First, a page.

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'The world is not as globalised as we believe'

The author insists the world is not as globalised as we believe, says Srivatsa Krishna.

World 3.0 Global Prosperity and How to Achieve It
World 3.0 Global Prosperity and How to Achieve It
World 3.0 Global Prosperity and How to Achieve It
By Pankaj Ghemawat
Publisher: Harvard Business Review Press
Pages: 386
Price: Rs 695

Tom Friedman said "The World is Flat" but Pankaj Ghemawat attempts to prove him wrong. He argues that a significant percentage of IT companies deliver their work on-site at client locations because linguistic distance matters more than geographic distance! This is despite the fact that India's trade is sensitive to natural resources, geographic distances and historical connections.

For that matter, did you know that even today just two per cent of all telephone calls made are international? Or that only 15 to 20 per cent of venture capital money is deployed outside the investing funds' home country? Consider this even more startling fact - 90 per cent of all fixed investment in the world is still domestic.

Did you know that Apple's iPod, though made in China, has contributions of 400-plus components from other countries of east Asia. Yet these add up to only one per cent of the retail price of $299 and most of the $163 value added goes to American companies, with about half going to Apple itself! Using such examples, Ghemawat argues that the world is not as globalised as we believe and goes on to explain market failures. He demonstrates how increased globalisation can overcome some of these failures as well as produce benefits to counter global problems such as environmental degradation, macroeconomic volatility, and trade and capital imbalances. He thus demolishes the viscera of his critics' arguments against globalisation by showing potential benefits in these very areas. His world view - World 3.0 - builds on his CAGE framework (cultural, administrative, geographic and economic distances) articulated in his earlier book, Redefining Global Strategy. Using data charmingly, Ghemawat argues that in 2000, the US was a larger trading partner than China for roughly 90 per cent of the countries on the planet but in just 10 years thereafter, the figure is down to half. By 2030, China's trade will exceed that of the US with about 80 per cent of the countries - all suggesting how rapidly China has come to dominate world trade.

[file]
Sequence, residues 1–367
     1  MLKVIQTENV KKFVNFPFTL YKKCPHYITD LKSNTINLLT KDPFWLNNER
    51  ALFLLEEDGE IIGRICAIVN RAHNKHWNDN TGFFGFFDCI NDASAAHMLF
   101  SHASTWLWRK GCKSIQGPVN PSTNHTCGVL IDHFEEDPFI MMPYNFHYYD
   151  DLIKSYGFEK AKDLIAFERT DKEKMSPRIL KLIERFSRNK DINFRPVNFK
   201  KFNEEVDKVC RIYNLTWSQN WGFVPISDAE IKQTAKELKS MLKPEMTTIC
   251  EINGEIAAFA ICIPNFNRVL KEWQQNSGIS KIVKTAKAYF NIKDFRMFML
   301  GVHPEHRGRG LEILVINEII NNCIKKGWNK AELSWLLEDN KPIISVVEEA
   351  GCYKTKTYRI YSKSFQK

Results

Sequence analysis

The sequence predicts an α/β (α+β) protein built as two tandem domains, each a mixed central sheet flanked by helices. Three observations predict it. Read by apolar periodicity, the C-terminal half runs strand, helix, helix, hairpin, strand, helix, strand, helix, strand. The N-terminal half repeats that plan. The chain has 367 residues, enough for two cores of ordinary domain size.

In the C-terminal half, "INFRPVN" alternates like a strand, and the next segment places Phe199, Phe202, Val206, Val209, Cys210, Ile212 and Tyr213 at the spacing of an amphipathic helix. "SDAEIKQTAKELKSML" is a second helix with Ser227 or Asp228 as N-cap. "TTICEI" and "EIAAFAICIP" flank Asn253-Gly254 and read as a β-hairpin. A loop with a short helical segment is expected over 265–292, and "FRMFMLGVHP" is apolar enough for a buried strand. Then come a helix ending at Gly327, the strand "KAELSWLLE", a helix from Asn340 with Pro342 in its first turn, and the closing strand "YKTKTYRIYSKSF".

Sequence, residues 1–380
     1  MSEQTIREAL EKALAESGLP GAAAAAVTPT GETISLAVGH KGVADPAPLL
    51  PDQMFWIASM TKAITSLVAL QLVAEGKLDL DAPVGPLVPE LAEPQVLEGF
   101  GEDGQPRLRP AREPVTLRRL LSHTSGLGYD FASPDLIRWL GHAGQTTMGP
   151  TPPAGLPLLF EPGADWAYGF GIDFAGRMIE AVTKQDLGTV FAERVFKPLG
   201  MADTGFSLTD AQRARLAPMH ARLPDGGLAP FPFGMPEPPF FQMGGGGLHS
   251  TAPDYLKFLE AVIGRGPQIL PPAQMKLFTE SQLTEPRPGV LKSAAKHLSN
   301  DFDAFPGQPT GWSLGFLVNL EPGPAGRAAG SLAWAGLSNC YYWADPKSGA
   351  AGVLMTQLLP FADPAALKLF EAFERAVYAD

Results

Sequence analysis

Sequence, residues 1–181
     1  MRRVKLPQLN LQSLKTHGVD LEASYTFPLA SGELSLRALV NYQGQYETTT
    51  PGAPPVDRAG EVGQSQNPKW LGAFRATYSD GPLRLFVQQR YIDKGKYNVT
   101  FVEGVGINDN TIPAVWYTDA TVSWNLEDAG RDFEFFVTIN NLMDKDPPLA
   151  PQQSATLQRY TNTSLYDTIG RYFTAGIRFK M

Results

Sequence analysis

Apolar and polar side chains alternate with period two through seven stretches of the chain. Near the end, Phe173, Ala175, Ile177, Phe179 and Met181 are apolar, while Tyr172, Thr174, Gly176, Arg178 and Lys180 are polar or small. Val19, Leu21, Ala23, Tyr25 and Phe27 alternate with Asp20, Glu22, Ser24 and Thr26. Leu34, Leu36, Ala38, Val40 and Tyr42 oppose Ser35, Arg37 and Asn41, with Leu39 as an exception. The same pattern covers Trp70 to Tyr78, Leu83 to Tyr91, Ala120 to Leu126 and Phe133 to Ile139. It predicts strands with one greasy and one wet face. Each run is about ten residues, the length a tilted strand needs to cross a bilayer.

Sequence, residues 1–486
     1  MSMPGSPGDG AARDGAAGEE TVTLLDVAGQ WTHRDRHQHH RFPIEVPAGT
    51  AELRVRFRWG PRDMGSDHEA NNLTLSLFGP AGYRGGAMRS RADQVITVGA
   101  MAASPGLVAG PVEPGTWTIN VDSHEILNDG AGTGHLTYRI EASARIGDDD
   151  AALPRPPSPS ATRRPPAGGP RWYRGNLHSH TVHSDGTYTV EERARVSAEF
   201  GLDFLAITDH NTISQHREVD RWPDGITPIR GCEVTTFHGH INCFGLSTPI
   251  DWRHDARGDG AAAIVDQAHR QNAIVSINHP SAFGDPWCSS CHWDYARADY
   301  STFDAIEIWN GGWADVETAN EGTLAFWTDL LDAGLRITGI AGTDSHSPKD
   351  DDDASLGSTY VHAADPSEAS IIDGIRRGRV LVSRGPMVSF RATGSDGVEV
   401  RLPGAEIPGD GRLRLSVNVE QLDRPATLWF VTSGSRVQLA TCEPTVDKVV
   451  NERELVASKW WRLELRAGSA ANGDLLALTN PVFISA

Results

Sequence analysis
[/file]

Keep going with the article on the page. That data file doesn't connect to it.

In an interesting yet highly controversial argument on cultural superiority, Ghemawat tries to map the countries' perceived need for cultural protection versus their perceived cultural superiority. India tops in both! Wherein lies a paradox and begs the question: if indeed Indians think that their culture is superior to others, why would they think it needs need protection too? Is it not strong enough to survive the tests of time on its own strength?

In sum, World 3.0 is a unique look at globalisation, government failure and market failure through the lens of distance, culture, regulation, trade flows, capital movements and the perspective of large countries such as India, China and the US. The fervent cry of the book is for leaders to dispel myths about globalisation and instead understand its true benefits and potential, which taken together can lead to enhanced global prosperity, not just for a handful but for most on this planet.

This is an unusual and compelling reader on globalisation - the data, the analogies, the arguments are all extremely powerful and persuasive. It is no wonder that many regard Ghemawat as the true inheritor of Michael Porter's mantle of being the global strategy guru. Ghemawat is also the youngest person ever to hit the tenure track, at Harvard Business School.
 
The reviewer is an IAS officer. Views are personal



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